Pulling on the Lead
Is your dog an embarrassment as he tows you along the pavement?
Do you envy those people whose dogs walk nicely to heel?
The difference between the dog that pulls and the dog walking to heel is all a matter of his expectation and reward.
The dog that pulls on the lead believes pulling gets him where (the park) he wants to go faster. Whilst the dog that walks to heel realises pulling gets him nowhere and being obedient unlocks that trip to the park.
Great! You’ve wasted your breath on your four-legger this a thousand times and still he takes no notice. OK, so now let’s try explaining in terms the dog understands.
Pulling as a Reward
The dog wants to get to the park. He pulls. Hey presto he gets to the park. This is how the dog mistakenly makes the link that pulling is expected in order to reach a goal.
So how to turn things around?
You have to retrain him to link pulling with life taking longer. In other words, when he pulls you stop in your tracks and take three steps back. Not only is his attempt at speeding to the park foiled, but it takes him longer to get there. Once he’s calm and sitting to attention, you start again.
This disadvantage of doing this is that it can take forever to get anywhere, so start when you have plenty of time and can afford to be patient.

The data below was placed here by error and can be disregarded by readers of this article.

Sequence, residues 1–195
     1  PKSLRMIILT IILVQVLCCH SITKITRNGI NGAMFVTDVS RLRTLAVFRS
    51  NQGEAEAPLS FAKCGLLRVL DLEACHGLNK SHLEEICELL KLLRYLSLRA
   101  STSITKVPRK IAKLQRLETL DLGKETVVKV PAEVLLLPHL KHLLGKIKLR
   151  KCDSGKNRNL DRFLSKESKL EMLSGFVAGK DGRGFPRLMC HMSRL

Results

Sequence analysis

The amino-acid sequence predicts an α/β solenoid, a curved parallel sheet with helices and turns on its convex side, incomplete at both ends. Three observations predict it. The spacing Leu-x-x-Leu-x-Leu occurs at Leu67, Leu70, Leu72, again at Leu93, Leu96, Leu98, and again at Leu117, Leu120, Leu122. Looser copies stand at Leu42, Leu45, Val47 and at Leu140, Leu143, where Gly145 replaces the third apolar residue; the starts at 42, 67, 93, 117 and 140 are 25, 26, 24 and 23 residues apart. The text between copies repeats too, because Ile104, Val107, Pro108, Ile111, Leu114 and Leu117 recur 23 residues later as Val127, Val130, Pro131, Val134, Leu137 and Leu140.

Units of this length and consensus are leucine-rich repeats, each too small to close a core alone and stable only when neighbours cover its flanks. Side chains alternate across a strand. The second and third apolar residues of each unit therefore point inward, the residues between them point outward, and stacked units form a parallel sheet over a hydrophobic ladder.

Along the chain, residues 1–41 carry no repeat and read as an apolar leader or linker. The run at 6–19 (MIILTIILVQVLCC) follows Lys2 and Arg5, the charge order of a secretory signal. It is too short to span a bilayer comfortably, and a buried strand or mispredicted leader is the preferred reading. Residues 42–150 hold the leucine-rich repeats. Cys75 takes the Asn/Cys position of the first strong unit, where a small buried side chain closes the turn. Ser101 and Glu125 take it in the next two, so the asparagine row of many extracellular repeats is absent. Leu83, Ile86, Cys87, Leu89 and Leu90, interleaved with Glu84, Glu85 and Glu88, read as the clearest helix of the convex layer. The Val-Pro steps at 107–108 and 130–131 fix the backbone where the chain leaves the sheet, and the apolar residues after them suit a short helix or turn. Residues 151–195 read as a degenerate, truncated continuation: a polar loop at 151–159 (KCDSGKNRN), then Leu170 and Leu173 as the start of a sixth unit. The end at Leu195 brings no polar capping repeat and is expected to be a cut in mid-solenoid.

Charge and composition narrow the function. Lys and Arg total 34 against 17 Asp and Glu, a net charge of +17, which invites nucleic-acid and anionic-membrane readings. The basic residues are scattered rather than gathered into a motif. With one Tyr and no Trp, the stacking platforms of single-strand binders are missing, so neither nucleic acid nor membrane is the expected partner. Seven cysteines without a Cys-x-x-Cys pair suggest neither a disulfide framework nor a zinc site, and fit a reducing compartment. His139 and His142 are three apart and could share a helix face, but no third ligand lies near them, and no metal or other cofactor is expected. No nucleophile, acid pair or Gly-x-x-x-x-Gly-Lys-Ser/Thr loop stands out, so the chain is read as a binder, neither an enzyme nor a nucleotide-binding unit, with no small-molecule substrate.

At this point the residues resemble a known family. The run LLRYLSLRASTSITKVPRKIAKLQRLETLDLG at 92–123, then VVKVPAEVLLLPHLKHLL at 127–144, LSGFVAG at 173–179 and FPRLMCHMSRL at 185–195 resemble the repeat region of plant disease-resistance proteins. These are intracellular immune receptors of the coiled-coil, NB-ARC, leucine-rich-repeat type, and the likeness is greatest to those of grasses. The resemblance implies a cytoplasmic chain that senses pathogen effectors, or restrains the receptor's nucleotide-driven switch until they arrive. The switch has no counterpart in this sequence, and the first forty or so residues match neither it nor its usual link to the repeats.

Rewarding other Behaviours
If your dogs tugging habit is firmly entrenched, and you aren’t making enough progress with the stop-start method, up the ante teaching him a better way to walk.
Start in a place with few distractions, such as the home. Have him off lead and get his attention with a tasty treat. Walk a few steps with him following because his eyes are glued to that tempting morsel. Stop. Ignore the dog, and have him work out that the only way to get the treat is to sit. It might be that he’s so perplexed that he sits down to work think what to do. Bingo! Give him the food reward. Repeat.
The idea is that he thinks for himself and works out when you’re walking and stop, if he sits down he gets a treat. See what happened there? When out on a walk if he goes to lunge ahead, you stop. The stop – sit- treat link kicks in and he’ll sit for a reward. The beauty of it is whilst he’s sitting he isn’t pulling. Ta dah! He’s now under your control on walks.
For other top tips and strategies to prevent pulling, speak to a Royvon trainer today!